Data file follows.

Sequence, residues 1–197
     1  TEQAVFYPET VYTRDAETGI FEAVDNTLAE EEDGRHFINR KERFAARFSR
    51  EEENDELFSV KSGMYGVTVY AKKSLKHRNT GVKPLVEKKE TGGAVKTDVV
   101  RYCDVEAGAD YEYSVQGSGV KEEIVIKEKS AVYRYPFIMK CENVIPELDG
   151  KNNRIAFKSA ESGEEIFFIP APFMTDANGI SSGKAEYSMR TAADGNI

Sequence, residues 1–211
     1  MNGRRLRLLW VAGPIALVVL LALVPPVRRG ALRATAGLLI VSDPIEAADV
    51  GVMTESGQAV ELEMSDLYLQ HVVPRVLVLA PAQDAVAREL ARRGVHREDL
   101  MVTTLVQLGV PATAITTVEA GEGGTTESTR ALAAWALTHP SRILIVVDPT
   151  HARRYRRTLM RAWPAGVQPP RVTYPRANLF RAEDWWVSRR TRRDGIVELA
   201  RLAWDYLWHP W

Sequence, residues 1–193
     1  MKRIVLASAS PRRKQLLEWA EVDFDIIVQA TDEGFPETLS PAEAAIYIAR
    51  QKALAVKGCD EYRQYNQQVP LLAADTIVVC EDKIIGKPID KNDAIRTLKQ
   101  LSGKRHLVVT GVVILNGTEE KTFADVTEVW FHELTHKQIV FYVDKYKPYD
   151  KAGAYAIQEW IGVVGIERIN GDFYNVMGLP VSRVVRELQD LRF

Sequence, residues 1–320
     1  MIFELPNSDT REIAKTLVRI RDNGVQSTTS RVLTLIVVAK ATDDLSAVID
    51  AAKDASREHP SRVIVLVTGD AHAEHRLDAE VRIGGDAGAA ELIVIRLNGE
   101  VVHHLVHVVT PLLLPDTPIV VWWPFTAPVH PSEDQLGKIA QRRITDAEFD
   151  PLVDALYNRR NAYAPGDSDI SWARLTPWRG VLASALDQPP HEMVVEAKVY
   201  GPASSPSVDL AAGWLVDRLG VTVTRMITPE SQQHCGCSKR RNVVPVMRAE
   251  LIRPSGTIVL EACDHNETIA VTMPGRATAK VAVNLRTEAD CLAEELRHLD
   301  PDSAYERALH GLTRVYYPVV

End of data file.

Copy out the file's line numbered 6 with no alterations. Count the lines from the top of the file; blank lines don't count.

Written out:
Sequence, residues 1–211